By studying stroke victims who have lost the ability to spell, researchers have pinpointed the parts of the brain that control how we write words, shedding new light on the mechanics of language and memory.
For the first time, researchers from Johns Hopkins University in US have linked basic spelling difficulties to seemingly unrelated regions of the brain.
Researchers studied 15 years' worth of cases in which 33 people were left with spelling impairments after suffering strokes. Some of the people had long-term memory difficulties, others working-memory issues.
With long-term memory difficulties, people can not remember how to spell words they once knew and tend to make educated guesses.
They could probably correctly guess a predictably spelled word like 'camp,' but with a more unpredictable spelling like 'sauce,' they might try 'soss.'
In severe cases, people trying to spell 'lion' might offer things like 'lonp,' 'lint' and even 'tiger.'
With working memory issues, people know how to spell words but they have trouble choosing the correct letters or assembling the letters in the correct order - 'lion' might be 'liot,' 'lin,' 'lino,' or 'liont.'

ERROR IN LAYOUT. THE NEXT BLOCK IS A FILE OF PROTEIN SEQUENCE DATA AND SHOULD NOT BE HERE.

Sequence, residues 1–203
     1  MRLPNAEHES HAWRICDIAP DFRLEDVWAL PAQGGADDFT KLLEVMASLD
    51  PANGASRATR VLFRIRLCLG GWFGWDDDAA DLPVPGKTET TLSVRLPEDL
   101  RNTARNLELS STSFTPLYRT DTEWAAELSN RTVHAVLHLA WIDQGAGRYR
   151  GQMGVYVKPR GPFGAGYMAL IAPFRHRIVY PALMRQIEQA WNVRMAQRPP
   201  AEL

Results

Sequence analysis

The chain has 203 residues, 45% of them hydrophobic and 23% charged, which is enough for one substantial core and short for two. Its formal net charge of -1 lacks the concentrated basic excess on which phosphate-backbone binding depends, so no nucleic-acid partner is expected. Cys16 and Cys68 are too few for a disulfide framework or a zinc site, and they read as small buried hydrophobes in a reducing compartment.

Researchers used computer mapping to chart the brain lesions of each individual and found that in the long-term memory cases, damage appeared on two areas of the left hemisphere, one towards the front of the brain and the other at the lower part of the brain towards the back.
In working memory cases, the lesions were primarily also in the left hemisphere but in a very different area in the upper part of the brain towards the back.
"When something goes wrong with spelling, it is not one thing that always happens - different things can happen and they come from different breakdowns in the brain's machinery," said Brenda Rapp from John Hopkins University.
"I was surprised to see how distant and distinct the brain regions are that support these two subcomponents of the writing process, especially two subcomponents that are so closely inter-related during spelling that some have argued that they shouldn't be thought of as separate functions," Rapp added.
The findings were published in the journal Brain.